The birth of the living-room PC has been years in the making. But with Intel Viiv – and shortly AMD Live – roaring into the shops, it looks as though the future may have become the present. This ViVa system from Mesh closely follows the Viiv requirements laid down by Intel. It gives us a good glimpse of what you might expect to see coming soon to a front room near you.
The way a PC blends into your sitting room is an important aspect of the Viiv experience. Smaller form factors are encouraged. The ViVa might not set new standards in living-room chic, but it's a fairly compact and sleek PC unit.
It looks like a tall DVD player, so the ViVa should blend in nicely with your electronics equipment. It's quiet enough, but far from noiseless. If you're sensitive to such things, you may find the low hum irritating.
Using the ViVa is simplicity itself. The remote control combines with Windows XP Media Center 2005 Edition so you can operate the Mesh from your armchair.
The ViVa comes with a fairly low price tag, but some of the hardware is excellent. The 300GB hard drive ensures you'll have more than enough room to record reams of video and audio. The TV card is dual-tuner, so you can record and watch two different channels at the same time.
Wi-Fi isn't included as standard, although the range of ports and connectors is decent. You get three USB ports and one for FireWire. It's easy to remove the case cover, too, but there's little room for expansion.
If you're offered excellent specs at a low price, there's usually a catch. In this case it's the monitor: there isn't one. Making this an optional extra is a smart move, though, as most people will have one already. If you don't, set aside £250 to £350 for a good 19in or 20.1in model.
Perhaps more questionable is the decision to saddle this PC with a lacklustre onboard graphics controller. The ViVa struggled to produce much above 25fps (frames per second). As the ViVa is intended to be a complete home-entertainment hub, this is surprising. In fact, a little bit more all-round power wouldn't have gone amiss.
The 3GHz Intel Pentium D 930 CPU is decent rather than outstanding. And a WorldBench 5 processing-speed score of 86 suggests that the ViVa is competent rather than powerful. The onboard audio setup is far from the best solution – another concession to the low price.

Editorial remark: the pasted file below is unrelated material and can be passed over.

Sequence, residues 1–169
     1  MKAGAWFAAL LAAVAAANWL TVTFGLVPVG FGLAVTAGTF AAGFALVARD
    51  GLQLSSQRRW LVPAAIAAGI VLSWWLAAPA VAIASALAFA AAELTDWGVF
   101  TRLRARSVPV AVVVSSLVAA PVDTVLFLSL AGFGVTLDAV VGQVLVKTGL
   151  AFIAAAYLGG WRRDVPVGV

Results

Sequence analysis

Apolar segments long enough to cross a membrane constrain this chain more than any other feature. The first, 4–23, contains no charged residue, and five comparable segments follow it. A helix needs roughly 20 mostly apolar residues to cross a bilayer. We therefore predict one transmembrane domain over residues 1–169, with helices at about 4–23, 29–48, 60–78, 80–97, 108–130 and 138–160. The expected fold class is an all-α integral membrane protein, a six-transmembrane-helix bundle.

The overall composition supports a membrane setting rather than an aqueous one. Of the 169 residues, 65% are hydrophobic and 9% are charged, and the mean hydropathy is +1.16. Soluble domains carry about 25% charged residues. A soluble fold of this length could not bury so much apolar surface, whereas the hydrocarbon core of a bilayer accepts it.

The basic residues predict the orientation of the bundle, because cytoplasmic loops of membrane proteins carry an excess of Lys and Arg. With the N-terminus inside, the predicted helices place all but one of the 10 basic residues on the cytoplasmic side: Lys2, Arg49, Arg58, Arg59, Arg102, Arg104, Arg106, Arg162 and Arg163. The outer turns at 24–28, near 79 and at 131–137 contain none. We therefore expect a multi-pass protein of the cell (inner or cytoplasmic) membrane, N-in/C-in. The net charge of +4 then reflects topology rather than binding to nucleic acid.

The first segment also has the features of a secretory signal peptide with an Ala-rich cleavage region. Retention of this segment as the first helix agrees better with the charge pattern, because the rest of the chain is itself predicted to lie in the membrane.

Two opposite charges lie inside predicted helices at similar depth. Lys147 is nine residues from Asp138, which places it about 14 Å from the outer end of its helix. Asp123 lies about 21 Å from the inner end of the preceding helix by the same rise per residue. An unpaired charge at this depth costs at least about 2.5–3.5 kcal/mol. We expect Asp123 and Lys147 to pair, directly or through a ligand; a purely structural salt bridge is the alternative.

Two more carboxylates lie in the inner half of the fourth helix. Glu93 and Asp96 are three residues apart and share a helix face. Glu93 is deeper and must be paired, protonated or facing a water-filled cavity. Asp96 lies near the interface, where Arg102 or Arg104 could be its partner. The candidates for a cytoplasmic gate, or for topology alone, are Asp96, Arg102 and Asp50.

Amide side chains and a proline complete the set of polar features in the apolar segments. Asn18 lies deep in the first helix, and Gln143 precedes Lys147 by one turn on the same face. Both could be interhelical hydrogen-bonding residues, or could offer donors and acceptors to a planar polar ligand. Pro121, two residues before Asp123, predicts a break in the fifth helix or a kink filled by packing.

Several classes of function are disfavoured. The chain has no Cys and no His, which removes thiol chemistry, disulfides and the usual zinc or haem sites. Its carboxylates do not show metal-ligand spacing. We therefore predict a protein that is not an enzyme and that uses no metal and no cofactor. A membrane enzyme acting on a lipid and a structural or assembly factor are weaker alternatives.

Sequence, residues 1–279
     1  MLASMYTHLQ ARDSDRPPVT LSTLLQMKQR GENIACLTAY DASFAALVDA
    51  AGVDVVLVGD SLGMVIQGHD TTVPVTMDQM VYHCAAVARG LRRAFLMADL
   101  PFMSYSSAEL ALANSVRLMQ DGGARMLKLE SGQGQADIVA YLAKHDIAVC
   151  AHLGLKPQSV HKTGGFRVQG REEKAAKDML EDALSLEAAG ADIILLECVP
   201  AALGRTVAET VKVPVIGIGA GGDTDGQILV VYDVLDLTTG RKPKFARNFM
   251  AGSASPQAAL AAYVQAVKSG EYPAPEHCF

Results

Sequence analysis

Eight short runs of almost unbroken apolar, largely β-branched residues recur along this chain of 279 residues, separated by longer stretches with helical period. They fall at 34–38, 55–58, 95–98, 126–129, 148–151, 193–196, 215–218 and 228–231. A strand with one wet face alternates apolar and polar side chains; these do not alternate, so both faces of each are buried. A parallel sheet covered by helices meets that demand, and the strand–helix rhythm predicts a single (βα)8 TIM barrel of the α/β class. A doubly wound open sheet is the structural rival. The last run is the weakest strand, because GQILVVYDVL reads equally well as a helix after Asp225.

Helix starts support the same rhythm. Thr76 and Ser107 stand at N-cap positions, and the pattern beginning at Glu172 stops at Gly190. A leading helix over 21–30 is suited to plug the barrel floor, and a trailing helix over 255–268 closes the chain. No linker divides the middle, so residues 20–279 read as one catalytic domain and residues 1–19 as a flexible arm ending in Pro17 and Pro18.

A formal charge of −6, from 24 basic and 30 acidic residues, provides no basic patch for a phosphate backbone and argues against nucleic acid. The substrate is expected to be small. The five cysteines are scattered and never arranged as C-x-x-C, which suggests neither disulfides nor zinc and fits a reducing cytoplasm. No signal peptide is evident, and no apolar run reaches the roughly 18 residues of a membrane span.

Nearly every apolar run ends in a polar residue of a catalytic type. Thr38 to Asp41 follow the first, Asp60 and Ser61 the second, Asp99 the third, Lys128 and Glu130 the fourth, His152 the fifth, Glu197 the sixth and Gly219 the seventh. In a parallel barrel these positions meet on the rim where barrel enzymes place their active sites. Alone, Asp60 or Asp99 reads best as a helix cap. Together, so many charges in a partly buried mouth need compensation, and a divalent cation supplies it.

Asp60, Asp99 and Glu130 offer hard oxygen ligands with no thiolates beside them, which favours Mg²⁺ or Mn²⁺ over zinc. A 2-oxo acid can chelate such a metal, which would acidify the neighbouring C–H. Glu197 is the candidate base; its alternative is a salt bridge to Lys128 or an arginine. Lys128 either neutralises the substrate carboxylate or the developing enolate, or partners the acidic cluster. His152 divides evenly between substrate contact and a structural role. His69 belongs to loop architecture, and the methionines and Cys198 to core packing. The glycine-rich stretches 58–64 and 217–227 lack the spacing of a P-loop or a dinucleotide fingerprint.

Will Viiv thrive?
Intel hopes its Viiv technology will be at the forefront of the next revolution in computing, placing a PC at the heart of every home. The typical Viiv system will be able to communicate with other electronic equipment, such as portable media players, and seamlessly link them together into one user-friendly hub. Listening to music, viewing photos, recording TV and transferring everything on to a media player or laptop will become simple. There'll be no file-format or network issues.
The means of delivering all this is a surprisingly modest set of requirements that PC manufacturers have to meet to get the stamp of full Viiv compliance. A dual-core processor is a must, because Viiv PCs need strong multitasking capabilities.
Other prerequisites include a motherboard with the 945GM, 945PM, 955X or 975X chipsets, which will guarantee a host of relevant specifications: DDR2 memory support and Intel HD audio with 5.1 or 7.1 surround sound. With these chipsets Viiv PCs will be able to support Quick Resume – where everything boots instantly – and Visual Off, where the PC can in effect turn itself off, but remain working away in the background.
It's strange that Viiv doesn't require Wi-Fi support, because this seems crucial to the media-hub concept. Viiv PCs will be able to take advantage of Hub Connect Technology, however, which will simplify the process of setting up a Wi-Fi network.
Perhaps more importantly, the Intel Media Server will allow the Viiv PC to connect up with all of the other media devices in the home. If one device uses a file format that's incompatible with another, the Viiv PC will do the necessary translation.
Both of these services will become available later in the year, at which point Viiv should really begin to come into its own. The concept is rather vague and manufacturers haven't done much more than brush the surface with their existing PCs. However, it is a very interesting idea. And if all Viiv does is make it easier to set up networks and transfer data from one device to another, that alone would make it welcome.